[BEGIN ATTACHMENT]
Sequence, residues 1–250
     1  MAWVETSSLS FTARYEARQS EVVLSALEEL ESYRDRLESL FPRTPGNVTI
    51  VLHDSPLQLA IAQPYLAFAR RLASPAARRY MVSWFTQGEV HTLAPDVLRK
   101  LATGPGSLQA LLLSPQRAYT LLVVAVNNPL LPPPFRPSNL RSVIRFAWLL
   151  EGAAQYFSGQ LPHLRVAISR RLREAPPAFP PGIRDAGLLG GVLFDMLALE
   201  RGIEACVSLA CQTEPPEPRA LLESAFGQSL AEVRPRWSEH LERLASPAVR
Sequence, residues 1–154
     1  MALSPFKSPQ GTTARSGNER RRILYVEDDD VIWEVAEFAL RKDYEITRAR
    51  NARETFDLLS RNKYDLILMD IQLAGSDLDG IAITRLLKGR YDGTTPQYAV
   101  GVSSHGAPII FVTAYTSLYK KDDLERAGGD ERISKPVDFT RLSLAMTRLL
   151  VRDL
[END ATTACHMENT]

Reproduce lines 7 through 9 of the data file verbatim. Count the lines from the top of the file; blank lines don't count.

Sequence, residues 1–154
     1  MALSPFKSPQ GTTARSGNER RRILYVEDDD VIWEVAEFAL RKDYEITRAR
    51  NARETFDLLS RNKYDLILMD IQLAGSDLDG IAITRLLKGR YDGTTPQYAV